To Kill a Mockingbird, by Harper Lee Essay

To Kill a Mockingbird, by Harper Lee Essay

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To Kill a Mockingbird, by Harper Lee, portrays an influential period of the protagonist, Jean Louise “Scout” Finch’s life. Narrated from the perspective of Scout as an adult, she writes about her experiences between the ages of six and nine and how she reaches maturity through various, momentous situations and experiences. Several of Scout’s learning experiences occurred due to the small town life she lived in Maycomb, Alabama. The atmosphere of racial relations exposes genuine injustice and prejudice, of which she does not understand; however, because of the ambiance of Maycomb County, Jean Louise “Scout” Finch grows in her understanding of her world and develops her own perspective through her gain of knowledge. She greatly respects, trusts and appreciates her father, Atticus Finch, because of his solicitous, empathetic methods and advice. Atticus Finch, as well as Jeremy Atticus “Jem” Finch, teach Scout a myriad of memorable lessons. Throughout the novel, Atticus’ occupation as an attorney, which shapes his beliefs and actions, and his involvement with the Robinson v. Ewell case are sources of awareness and an experience of expanding maturity for Scout. In addition, Scout is shaped by Arthur “Boo” Radley, Calpurnia, and Miss Maudie Atkinson. Throughout To Kill a Mockingbird, Harper Lee traces Jean Louise “Scout” Finch and her passage from innocence to knowledge.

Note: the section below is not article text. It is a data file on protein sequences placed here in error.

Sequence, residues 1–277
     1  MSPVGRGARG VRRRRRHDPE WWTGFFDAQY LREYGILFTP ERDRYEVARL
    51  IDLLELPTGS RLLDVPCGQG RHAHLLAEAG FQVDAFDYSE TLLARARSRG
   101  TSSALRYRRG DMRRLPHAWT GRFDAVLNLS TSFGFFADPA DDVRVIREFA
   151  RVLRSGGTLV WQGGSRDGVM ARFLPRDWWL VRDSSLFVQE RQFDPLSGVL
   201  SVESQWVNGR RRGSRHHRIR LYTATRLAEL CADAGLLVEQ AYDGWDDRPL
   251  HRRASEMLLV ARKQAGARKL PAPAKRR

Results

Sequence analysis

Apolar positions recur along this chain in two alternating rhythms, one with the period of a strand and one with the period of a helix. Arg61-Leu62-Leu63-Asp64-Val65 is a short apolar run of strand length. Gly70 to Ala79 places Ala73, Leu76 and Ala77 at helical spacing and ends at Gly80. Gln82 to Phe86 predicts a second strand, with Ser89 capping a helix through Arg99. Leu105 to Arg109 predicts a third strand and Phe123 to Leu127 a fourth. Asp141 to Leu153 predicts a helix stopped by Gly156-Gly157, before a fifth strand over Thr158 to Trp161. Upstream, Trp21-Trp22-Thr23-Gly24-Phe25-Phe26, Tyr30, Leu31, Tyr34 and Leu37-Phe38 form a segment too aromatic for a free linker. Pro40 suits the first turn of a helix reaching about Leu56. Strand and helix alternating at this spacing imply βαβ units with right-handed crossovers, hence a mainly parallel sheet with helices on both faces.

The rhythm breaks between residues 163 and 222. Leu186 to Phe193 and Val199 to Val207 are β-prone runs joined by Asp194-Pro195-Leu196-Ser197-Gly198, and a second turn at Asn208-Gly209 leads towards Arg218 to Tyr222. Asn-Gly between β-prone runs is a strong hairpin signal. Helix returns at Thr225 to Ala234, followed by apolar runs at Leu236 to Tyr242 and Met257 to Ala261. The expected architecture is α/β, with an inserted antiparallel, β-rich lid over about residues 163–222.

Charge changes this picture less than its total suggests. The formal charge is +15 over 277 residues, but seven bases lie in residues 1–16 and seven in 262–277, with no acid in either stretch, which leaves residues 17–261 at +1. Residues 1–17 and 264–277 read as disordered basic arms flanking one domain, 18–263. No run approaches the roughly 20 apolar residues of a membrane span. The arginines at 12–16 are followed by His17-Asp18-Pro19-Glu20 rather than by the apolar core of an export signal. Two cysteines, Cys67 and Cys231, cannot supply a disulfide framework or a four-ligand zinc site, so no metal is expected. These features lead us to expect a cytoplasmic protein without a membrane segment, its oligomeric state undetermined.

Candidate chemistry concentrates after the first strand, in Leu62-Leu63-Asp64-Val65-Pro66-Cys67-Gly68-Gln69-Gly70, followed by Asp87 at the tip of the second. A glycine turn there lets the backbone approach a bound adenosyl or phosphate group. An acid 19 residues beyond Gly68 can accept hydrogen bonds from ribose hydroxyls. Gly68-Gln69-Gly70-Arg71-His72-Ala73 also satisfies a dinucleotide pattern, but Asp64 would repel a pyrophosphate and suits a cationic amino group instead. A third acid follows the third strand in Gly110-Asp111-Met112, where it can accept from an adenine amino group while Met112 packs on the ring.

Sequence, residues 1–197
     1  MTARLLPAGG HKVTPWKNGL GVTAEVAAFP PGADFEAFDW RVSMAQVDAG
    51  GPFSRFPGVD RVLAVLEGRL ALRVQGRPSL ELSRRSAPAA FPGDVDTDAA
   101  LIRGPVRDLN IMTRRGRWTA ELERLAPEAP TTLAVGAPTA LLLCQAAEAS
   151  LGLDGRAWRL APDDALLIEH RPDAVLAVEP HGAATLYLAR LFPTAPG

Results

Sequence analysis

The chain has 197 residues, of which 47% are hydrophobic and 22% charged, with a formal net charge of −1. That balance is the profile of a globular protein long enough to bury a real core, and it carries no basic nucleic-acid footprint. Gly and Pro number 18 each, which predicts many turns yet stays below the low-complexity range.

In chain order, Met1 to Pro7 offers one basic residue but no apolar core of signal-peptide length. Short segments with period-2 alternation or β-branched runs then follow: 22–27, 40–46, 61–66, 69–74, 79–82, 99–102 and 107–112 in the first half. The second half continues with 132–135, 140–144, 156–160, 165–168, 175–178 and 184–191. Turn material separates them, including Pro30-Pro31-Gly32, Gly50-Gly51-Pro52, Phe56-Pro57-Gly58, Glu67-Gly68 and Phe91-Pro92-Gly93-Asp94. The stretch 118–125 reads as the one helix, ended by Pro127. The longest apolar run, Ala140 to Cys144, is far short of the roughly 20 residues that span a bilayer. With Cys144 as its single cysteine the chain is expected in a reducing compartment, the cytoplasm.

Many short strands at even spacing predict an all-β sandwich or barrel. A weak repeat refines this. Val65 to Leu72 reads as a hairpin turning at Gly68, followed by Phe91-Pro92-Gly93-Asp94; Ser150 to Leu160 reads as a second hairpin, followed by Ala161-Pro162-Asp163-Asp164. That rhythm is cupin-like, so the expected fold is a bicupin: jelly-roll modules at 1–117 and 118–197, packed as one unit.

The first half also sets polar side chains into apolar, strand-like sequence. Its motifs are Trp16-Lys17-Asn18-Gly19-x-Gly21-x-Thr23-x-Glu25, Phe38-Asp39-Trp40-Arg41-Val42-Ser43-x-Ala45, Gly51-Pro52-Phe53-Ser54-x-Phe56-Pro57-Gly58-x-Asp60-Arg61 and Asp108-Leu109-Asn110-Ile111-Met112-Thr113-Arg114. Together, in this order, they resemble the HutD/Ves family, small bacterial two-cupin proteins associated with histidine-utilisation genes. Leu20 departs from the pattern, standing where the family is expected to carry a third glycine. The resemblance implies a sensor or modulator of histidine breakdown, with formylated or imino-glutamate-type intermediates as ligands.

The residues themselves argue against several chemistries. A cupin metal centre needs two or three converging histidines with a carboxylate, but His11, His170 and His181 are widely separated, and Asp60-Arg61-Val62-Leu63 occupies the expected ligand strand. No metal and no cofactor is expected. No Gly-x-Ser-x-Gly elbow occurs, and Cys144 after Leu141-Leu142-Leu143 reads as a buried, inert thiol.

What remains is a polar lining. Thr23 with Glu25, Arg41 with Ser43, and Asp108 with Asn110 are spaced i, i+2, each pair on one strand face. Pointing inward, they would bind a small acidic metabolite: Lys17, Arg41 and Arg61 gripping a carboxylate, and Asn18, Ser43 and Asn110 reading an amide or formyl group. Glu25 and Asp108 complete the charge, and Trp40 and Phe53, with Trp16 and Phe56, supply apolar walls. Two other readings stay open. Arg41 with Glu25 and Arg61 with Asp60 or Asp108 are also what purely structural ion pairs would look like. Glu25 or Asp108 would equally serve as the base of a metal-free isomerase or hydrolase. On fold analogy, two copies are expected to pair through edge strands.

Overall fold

Jean Louise “Scout” Finch’s journey from innocence to maturity is largely due to the atmosphere and culture of Maycomb, Alabama, her hometown. As Scout observed, “Maycomb was a tired old town, even in 1932 when I first knew it…. There was no hurry, for there was nowhere to go and nothing to buy... and no money to buy it with. Although Maycomb County had recently bee...


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...nfluenced by various aspects of her life, many of which originate due to the society of Maycomb, Alabama. As she reaches maturity, Scout learns that the racial relations in Maycomb expose injustices and prejudices, which allow her to develop her own perspective and gain an understanding of society and of the world. Through the insights of the adults in her life, in particular of Atticus, Scout is able to expand her knowledge. The life lessons she learns during the period of Robinson v. Ewell case are sources of awareness that permit Scout to develop in maturity. In addition, Scout is shaped by Arthur “Boo” Radley, Calpurnia, and Miss Maudie Atkinson by their enlightening statements and compassionate actions. Overall, To Kill a Mockingbird, by Harper Lee, is a coming-of-age novel that portrays an influential period of maturation in Jean Louise “Scout” Finch’s life.

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